Notebook: Conte, Ratliff day to day

In our Tuesday notebook, we discuss the Chicago Bears injury situation, which includes the potential loss of three defensive starters, expectations for rookie cornerback Kyle Fuller and more.

The Chicago Bears picked up a big victory on Sunday night over the San Francisco 49ers but it came at a cost, particularly on the defensive side of the ball.

CB Charles Tillman (triceps) was placed on injured reserve yesterday, ending his season. The Bears are also weathering injuries to S Chris Conte (shoulder) and Jeremiah Ratliff (concussion). Both are day-to-day.

“Right now it’s day-to-day,” coach Marc Trestman said today. “I’m hopeful that it’s not serious. After the next couple days I think we’ll know more on Thursday as to how [Conte] is going to practice and if he’s going to practice.

“The same thing [with Ratliff]. We’re still a couple days away from really seeing what the injury report will be on these guys.”

If Ratliff can’t play, rookie Will Sutton will take his place in the starting lineup. Danny McCray will replace Conte if he’s unable to suit up.

DE Trevor Scott (foot) and CB Sherrick McManis (quad) were also knocked out of the Week 2 contest.

With Tillman gone and McManis banged up, the Bears were left with just two healthy cornerbacks on the roster. This forced the team to place fourth-round rookie safety Brock Vereen at nickelback against the 49ers. It’s a scenario the team would like to avoid in the future.

“We really think of him as being in the safety position,” said Trestman.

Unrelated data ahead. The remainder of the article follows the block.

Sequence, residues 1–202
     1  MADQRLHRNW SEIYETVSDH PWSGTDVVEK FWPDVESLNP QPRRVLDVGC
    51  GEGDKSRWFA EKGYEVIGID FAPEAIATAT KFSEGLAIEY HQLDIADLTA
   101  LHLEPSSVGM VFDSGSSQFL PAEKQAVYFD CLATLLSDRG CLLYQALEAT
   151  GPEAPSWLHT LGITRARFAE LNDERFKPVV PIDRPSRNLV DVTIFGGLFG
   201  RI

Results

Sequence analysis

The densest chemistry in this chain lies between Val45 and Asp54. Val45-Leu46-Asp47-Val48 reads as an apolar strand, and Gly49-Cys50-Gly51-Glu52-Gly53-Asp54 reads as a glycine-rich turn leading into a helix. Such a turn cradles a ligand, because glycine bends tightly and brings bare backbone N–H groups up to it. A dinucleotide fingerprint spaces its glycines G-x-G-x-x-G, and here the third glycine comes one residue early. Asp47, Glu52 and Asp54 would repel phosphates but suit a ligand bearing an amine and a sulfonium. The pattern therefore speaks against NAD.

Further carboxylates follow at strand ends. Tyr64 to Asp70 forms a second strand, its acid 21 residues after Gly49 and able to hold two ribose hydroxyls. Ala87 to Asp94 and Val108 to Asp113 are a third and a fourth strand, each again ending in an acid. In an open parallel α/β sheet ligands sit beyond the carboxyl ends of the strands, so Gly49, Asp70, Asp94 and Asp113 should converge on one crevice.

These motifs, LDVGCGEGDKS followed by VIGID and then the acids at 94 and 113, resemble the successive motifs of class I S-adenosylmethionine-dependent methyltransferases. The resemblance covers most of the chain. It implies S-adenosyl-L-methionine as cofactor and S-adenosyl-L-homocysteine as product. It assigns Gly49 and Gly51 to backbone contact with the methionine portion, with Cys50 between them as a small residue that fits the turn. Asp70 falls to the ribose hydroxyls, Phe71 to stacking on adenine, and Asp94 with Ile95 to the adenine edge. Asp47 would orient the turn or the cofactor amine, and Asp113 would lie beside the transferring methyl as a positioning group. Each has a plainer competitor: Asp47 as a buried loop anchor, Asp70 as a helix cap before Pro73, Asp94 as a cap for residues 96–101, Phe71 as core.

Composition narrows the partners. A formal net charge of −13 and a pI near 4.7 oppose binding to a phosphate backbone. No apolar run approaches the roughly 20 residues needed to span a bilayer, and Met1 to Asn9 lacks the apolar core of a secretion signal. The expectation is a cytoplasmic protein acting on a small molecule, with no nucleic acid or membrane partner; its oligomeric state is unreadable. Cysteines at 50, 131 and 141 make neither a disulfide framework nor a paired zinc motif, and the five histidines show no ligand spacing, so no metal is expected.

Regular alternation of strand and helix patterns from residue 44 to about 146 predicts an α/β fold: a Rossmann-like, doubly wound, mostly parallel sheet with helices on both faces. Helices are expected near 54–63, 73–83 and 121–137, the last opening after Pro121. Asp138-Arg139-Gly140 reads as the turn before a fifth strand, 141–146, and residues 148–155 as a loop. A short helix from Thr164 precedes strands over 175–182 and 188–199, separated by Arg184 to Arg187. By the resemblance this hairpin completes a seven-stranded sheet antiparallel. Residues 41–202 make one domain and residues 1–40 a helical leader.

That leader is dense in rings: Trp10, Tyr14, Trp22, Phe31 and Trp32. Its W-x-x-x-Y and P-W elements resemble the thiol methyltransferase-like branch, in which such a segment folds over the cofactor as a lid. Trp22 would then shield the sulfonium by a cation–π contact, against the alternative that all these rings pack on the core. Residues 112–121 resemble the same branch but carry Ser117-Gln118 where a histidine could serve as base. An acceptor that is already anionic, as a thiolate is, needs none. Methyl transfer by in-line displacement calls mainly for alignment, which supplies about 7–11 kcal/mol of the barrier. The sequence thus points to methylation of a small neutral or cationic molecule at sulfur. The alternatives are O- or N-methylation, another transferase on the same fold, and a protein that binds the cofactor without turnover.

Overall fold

As a result, the club today elevated CB Isaiah Frey from the practice squad to the 53-man roster. Frey served as the team’s nickelback for all 16 games last year, picking up 47 total tackles, one pass defended and no interceptions.

Roster Shakeup

The Bears also elevated WR Rashad Ross from the practice squad. Ross is a second-year player who went undrafted last year and spent time on the practice squads of the Titans and Chiefs. He is an experienced return man and will likely take over as the club’s primary kick returner, as Senorise Perry has done very little in that role.

The club waived RB Shaun Draughn and WR Chris Williams, and terminated the contract of vested veteran TE Matthew Mulligan. Draughn was responsible for the blocked kick in the first quarter against San Francisco, while Williams was an emergency pick up last week due to injuries to Brandon Marshall and Alshon Jeffery.

With Eben Britton on the roster and healthy, the team had no use for Mulligan, who was serving as the extra edge blocker. The Bears still have one roster spot available.

Full(er) of Promise

With Tillman’s career in doubt, the time has come for Kyle Fuller to take on the full-time role as the club’s No. 1 cornerback. He set the bar high in the second half on Sunday, intercepting two Colin Kaepernick passes that propelled the Bears to victory.

“Since college, I’ve always thought to myself, ‘you’re one play away,’” Fuller said today. “I’ve tried to make sure I’m prepared. Really just coming in here and getting reps, working the game, knowing what your opponents are going do, knowing yourself, things you need to get better at, things like that.

“I definitely feel like I have a lot of confidence but at the same time I’m always going out there trying to get better. You can always get better. Always staying humble, and it just comes down to building on it and getting better.”

Fuller may have downplayed his performance but a showing like that against one of the league’s premiere quarterbacks has elevated expectations for the first rounder.

“I told him it’s not about starting. It’s not about making the Pro Bowl,” Brandon Marshall said following Sunday’s contest. “For him, he needs to have Hall of Fame on his brain because that kid can play.”